MNS has just released their 2014 report pointing to rental performance in the Manhattan and Brooklyn markets over past year. And as you’ve probably already guessed there are no surprises here—rents were up. Leading the charge in growth were Harlem where new luxury listings gave the area a major boost, and of course Brooklyn which continued see growth at remarkable rates, particularly with studio units which were up more than 20 percent in some nabes.
MNS has just released the December rental reports covering Manhattan and Brooklyn. Far from surprisingly, rents were up in both boroughs, each seeing a solid increase year over year. But one finding that definitely stood out was Brooklyn’s 9 percent uptick in new listings between November and December 2014. Whether rents will reflect the new inventory the coming months has yet to be seen; November on December figures slow only the slightest decrease with average rents falling from $2,677 to $2,666 (a 0.39 percent drop).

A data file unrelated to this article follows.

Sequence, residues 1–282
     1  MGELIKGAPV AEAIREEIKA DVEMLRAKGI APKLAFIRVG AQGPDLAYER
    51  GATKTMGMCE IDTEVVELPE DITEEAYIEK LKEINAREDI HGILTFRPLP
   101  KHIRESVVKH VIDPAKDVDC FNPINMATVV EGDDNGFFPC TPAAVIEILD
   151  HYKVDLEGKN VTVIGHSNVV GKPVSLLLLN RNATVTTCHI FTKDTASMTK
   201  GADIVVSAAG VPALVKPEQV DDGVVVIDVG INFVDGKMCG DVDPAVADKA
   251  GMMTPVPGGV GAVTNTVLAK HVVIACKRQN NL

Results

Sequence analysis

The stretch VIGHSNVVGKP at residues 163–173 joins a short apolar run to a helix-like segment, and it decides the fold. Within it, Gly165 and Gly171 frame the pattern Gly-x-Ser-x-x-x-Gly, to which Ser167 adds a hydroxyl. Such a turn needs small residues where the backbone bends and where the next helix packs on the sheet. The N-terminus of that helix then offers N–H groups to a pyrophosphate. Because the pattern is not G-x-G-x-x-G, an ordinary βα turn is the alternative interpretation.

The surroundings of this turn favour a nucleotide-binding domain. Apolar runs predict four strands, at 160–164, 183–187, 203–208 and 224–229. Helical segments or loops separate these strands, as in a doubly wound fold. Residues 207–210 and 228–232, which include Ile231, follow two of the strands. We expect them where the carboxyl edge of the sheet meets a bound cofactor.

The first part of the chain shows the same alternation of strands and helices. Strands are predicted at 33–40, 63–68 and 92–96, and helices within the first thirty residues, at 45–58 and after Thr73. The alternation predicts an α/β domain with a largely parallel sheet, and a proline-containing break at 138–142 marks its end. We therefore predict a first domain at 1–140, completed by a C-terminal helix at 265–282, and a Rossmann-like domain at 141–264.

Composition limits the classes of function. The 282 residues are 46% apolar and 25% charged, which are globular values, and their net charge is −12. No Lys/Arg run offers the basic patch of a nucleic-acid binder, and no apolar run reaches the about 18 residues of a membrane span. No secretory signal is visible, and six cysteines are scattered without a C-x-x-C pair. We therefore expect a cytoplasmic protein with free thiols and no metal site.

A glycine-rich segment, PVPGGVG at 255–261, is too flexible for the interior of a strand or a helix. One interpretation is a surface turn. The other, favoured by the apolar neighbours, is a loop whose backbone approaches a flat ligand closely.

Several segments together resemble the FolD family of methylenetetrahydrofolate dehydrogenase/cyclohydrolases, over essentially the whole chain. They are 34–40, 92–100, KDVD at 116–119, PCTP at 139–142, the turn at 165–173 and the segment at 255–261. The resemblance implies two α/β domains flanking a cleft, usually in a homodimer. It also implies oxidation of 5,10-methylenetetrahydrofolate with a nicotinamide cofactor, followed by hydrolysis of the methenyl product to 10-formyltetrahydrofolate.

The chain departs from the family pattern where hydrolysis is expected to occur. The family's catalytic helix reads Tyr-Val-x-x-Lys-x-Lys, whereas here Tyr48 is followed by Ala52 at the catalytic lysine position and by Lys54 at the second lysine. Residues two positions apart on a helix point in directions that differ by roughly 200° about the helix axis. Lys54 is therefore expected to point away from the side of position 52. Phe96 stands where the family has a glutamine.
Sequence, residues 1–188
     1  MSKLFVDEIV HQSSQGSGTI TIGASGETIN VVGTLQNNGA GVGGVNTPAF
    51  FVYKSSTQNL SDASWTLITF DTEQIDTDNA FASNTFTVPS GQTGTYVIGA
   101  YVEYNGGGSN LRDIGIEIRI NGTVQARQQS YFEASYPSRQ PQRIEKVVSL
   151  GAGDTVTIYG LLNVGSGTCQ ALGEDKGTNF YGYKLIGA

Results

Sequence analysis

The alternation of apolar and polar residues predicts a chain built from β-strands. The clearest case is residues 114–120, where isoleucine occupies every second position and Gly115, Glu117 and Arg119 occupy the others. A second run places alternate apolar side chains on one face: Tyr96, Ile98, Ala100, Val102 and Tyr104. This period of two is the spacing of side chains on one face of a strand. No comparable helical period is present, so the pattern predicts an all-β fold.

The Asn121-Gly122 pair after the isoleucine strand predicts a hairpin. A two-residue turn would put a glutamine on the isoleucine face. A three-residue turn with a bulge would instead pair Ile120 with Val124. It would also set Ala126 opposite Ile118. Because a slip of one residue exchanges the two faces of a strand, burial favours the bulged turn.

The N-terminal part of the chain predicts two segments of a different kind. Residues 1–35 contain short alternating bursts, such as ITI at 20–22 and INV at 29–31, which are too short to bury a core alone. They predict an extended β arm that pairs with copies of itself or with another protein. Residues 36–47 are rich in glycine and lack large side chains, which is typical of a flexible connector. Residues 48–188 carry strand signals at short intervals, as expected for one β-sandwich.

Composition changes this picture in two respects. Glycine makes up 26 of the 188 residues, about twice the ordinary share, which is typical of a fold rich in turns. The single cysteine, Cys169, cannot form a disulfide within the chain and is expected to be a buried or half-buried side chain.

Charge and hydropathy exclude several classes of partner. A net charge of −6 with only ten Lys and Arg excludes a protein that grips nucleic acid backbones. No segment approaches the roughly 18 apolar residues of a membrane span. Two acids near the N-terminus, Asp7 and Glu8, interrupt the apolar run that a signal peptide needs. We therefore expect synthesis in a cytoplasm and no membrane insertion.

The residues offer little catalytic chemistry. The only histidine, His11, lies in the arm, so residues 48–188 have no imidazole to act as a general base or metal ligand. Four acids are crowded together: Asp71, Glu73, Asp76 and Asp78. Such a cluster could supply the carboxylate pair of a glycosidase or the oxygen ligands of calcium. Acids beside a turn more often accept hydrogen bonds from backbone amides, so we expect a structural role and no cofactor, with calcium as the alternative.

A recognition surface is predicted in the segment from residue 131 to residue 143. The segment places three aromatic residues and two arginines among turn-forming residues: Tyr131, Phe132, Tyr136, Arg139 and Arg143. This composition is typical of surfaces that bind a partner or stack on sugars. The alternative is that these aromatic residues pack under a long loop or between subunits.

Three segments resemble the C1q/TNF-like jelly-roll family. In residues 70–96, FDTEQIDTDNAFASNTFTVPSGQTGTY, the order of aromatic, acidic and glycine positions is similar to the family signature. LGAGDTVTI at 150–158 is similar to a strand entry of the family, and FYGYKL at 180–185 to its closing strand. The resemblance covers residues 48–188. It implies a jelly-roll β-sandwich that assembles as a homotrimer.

Bigger picture figures show that since December 2013, rent prices have increased 3.08 percent rising from $2,587 to $2,667 in December 2014. Brooklyn neighborhoods that did especially well last year included Boerum Hill, which saw an average rent increase of 15.7 percent from $2,668 in December 2013 to $3,088 in December 2014; and Prospect-Lefferts Gardens, which saw a 9.5 percent increase since December 2013—a continuing trend for the nabe. So, is Brooklyn still having its moment?
Brooklyn Rents on the Rise With Crown Heights and Bed-Stuy Leading the Charge; Manhattan Rents Relatively Stable, Thu, July 10, 2014
This past week there has been a lot of talk about Crown Heights and Bed-Stuy finally having their “moment”, and it looks like there are numbers in to back that up. MNS‘s June rental market report for Brooklyn and Manhattan reveal that both developers and renters are looking to move away from saturated areas like Williamsburg and DUMBO. By MNS’s measure, average rents in Brooklyn increased from $2,556 to $2,741, or 6.2%, as compared with June of last year — very much driven by rent hikes in gentrifying areas. Manhattan rents on the other hand fell just slightly.